Occidental Mindoro

Production costs double for Occidental Mindoro fisherfolk due to brownouts

Dwight de Leon

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Production costs double for Occidental Mindoro fisherfolk due to brownouts

PRESERVING FISH. A private fishing port in San Jose, Occidental Mindoro imports ice from Metro Manila because power outages in the province have resulted in insufficient local ice supply.

Dwight de Leon/Rappler

Struggling to find ice that would keep their catch fresh, fishermen in Occidental Mindoro resort to importing ice from Metro Manila

OCCIDENTAL MINDORO, Philippines – Fishermen in San Jose, Occidental Mindoro are not spared from the impact of the power crisis that has worsened in recent weeks.

With brownouts that last up to 20 hours across the entire province every day, ice plants which now operate on generator sets are unable to keep up with demand, causing headaches to fisherfolk who need ice to preserve their daily catch.

Private fish port manager Jonathan Barlocha said that to maintain their operations, they import ice from Metro Manila.

“Ice plants here in the province sell their ice for P300 to P350 per block. Because we now get ice from Manila, our costs go up to P550 to P600 per block,” he told Rappler on Tuesday, April 18.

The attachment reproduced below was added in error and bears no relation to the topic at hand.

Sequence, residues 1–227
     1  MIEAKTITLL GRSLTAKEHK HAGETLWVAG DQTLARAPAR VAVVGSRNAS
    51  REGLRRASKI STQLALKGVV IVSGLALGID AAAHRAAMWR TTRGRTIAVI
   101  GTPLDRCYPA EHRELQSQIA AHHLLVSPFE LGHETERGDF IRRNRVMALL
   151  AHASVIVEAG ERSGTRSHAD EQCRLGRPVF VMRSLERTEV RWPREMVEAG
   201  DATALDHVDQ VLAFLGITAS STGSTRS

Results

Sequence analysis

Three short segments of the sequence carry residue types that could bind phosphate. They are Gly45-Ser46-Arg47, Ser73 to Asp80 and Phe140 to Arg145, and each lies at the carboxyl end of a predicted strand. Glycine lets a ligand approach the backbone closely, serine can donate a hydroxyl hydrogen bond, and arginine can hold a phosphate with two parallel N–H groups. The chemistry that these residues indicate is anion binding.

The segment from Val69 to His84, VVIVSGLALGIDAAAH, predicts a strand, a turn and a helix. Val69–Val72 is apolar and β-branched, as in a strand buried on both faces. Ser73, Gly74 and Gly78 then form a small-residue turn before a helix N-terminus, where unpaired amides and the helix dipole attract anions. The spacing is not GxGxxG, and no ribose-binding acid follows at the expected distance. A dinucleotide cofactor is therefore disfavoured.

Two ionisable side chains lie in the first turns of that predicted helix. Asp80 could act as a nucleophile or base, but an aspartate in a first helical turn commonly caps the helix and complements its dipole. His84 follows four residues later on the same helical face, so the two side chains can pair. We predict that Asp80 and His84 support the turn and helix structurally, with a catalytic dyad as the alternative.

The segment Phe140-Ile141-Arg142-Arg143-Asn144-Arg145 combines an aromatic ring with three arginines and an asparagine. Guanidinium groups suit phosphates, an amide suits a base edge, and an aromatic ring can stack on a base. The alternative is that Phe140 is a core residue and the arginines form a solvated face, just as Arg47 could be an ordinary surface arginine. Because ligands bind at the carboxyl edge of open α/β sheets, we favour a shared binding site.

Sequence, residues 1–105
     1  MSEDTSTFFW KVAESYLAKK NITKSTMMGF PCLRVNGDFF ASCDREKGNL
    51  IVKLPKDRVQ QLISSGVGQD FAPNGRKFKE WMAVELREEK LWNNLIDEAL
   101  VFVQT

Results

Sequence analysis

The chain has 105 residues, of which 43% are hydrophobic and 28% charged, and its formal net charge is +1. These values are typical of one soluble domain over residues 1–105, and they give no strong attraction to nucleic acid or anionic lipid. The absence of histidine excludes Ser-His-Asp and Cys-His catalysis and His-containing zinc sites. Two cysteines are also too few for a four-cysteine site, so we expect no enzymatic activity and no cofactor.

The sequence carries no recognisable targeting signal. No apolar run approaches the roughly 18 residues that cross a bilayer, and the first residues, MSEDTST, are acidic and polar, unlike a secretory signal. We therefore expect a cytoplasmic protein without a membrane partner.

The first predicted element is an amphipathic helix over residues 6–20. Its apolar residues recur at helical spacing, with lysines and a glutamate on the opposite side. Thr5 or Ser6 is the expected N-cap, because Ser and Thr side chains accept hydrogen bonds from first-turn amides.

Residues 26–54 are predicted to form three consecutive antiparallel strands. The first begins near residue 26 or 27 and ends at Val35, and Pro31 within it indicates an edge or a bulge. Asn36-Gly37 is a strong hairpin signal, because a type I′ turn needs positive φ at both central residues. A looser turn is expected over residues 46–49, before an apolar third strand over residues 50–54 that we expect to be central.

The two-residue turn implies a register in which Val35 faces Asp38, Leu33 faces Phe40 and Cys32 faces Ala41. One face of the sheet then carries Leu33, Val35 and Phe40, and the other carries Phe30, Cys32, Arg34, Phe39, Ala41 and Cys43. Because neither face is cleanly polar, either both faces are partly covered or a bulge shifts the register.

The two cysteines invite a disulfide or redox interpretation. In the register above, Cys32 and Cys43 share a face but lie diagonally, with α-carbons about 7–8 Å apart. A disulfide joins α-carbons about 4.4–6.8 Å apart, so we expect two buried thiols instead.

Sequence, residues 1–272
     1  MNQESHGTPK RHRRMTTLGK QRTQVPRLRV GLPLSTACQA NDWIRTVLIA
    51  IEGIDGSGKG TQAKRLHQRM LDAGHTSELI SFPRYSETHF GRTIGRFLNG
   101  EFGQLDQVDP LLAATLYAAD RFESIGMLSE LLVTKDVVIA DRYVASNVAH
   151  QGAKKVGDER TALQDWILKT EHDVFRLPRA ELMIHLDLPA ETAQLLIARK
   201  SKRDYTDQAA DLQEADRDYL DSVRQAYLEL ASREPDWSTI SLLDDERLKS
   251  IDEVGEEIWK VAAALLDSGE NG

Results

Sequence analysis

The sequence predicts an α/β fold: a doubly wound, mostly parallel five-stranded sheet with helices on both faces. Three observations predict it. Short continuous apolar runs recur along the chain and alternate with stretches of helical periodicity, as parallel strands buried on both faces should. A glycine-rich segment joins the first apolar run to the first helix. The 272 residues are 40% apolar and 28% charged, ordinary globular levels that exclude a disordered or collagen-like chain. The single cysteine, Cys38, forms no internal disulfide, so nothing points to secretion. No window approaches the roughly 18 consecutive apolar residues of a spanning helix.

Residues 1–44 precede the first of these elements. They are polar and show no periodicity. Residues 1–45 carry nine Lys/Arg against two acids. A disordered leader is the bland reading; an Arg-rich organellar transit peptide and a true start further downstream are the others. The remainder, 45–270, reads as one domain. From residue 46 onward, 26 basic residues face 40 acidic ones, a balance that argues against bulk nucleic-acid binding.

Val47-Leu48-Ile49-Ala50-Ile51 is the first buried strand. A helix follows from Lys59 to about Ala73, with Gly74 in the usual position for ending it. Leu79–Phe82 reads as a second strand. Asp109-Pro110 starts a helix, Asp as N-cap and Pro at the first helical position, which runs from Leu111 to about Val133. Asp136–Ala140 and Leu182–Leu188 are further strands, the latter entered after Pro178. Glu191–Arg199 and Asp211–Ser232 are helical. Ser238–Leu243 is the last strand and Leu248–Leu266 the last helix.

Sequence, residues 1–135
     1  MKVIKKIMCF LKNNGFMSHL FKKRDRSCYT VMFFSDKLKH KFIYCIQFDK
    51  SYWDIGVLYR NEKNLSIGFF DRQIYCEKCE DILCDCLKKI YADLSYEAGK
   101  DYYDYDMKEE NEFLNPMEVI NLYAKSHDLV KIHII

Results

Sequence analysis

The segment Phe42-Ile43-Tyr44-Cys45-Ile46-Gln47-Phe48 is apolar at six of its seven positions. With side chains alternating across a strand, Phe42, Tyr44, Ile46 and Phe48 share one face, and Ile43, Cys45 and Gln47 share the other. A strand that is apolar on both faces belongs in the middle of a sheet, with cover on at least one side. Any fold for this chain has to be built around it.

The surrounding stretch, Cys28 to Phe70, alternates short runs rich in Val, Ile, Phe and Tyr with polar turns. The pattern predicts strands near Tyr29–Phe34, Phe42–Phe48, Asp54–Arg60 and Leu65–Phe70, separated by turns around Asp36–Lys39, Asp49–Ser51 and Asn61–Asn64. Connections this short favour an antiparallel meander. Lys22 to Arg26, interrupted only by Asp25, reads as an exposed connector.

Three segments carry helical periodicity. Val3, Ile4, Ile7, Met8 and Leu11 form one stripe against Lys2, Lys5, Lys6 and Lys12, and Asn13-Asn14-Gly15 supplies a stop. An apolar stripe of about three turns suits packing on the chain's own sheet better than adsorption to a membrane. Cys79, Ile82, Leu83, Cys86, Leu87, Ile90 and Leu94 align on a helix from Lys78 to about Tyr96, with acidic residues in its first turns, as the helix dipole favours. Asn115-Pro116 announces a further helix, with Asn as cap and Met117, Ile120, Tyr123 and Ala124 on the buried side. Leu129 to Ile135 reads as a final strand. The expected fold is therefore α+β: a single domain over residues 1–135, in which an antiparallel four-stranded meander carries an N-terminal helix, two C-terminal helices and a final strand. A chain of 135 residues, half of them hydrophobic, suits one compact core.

Not only that, their operations slow down due to the longer waiting time for available ice.

“Boats here have been docked for a longer time, up to 5 days,” he said. “Last year, the situation was better. Boats were able to get sufficient ice only after one to two days.”

Sixty-nine-year-old ice port owner Lemuel Sanggo echoed Barlocha’s story, saying that fishermen are bearing the brunt of the brownouts.

“Fishermen who buy from us are only on standby due to the lack of ice,” he said. “We are unable to sell them ice due to the lack of production.”

Arnold Pamilar, manager of the ice plant that Sanggo owns, said that sometimes, they are left with no choice but to offer ice blocks that have holes.

Iyong produce pa ng yelo ay kulang, hills, di naman masyado maluto yung yelo, kaya nagtitiyaga kami sa yelo na butas na siya, hindi na buo, dahil kailangan ang yelo dito,” he said.

(Our ice production is insufficient, and yields less-desirable results. The ice blocks end up having holes.)

They hope that the gravity of the situation would alarm national officials.

“I hope they [the national government] would act on the power issue in Occidental Mindoro, so that businesses here don’t have to operate at a loss,” Barlocha said.

Rotational brownouts in Occidental Mindoro last up to 20 hours per day, inconveniencing a province of more than 500,000 people.

The province’s lone power supplier has said it cannot buy sufficient fuel to operate at a higher capacity due to delayed subsidy payments from the National Power Corporation. – Rappler.com

Occidental Mindoro placed under state of calamity due to power crisis

Occidental Mindoro placed under state of calamity due to power crisis

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Dwight de Leon

Dwight de Leon is a multimedia reporter who covers President Ferdinand Marcos Jr., the Malacañang, and the Commission on Elections for Rappler.